What’s the first thing that comes to mind when you think of palm trees?
The scene probably includes a light breeze, warm sand and turquoise water washing ashore. That is why we love the slice of paradise palm trees bring to our landscape.
Because palm trees exude such bliss, it’s our job to give them the best care possible. Proper palm tree trimming is key to keeping these treasures healthy and thriving.
Scroll on to learn how to prune palm trees – step-by-step.
Old or dead palm tree leaves—called fronds—should be at the top of your pruning list. They’re yellow or brown on the outside and may be harboring pests underneath.
Also, check stems for flowers or fruit. Both can slow tree growth by providing food or shelter for pests.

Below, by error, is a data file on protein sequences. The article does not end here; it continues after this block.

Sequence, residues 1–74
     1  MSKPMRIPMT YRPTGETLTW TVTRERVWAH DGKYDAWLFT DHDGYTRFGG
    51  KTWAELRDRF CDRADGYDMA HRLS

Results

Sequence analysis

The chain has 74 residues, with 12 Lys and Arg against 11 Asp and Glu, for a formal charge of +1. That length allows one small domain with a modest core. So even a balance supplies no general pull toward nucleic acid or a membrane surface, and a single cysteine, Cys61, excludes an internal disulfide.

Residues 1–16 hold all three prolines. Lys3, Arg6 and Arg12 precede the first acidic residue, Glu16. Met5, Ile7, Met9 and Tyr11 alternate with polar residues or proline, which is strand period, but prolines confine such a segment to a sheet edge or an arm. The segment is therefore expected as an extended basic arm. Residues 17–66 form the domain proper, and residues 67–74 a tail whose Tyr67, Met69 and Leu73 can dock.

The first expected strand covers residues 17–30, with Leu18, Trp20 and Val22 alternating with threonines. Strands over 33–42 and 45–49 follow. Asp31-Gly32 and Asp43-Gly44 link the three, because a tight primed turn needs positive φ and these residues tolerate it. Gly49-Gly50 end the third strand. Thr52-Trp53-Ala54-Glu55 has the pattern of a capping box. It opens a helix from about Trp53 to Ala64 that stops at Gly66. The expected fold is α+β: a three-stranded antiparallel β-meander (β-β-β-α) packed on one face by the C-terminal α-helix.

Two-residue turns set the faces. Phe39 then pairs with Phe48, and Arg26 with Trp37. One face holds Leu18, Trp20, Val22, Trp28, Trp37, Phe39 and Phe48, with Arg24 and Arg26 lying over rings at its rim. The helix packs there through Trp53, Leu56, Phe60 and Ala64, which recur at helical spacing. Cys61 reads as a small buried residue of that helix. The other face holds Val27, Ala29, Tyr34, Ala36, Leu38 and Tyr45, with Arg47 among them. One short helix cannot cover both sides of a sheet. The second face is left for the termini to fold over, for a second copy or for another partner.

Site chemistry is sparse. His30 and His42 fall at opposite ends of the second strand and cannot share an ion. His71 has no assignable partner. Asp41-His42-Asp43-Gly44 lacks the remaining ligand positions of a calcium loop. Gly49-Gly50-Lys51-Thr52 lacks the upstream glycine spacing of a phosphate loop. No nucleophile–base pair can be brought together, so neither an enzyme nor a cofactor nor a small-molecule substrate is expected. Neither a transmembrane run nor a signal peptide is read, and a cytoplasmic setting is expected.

Before you begin, remember this key palm tree trimming tip.
Prune only to remove old fronds, flowers, fruit, or hazardous limbs.
Trimming beyond that creates a thin and narrow “hurricane cut” (see photo on the right) that’s not good for the health or look of your tree. Palm trees need a full, circular canopy of healthy, green fronds to continue to grow and defend against pests.
Depending on the size of your palm tree, pruning shears or a saw will do the job. If you need to trim tall palm trees, call in a certified arborist. Attempting to climb a ladder, while wielding pruning tools, puts you in danger.
If you’re trimming a small palm tree, carefully prune fronds, flowers and fruit leaving at least 2 inches of greenery on the trunk.
Working your way down, gently pull off loose blades—called petioles—from the trunk. If the petiole is hard to remove, leave it be.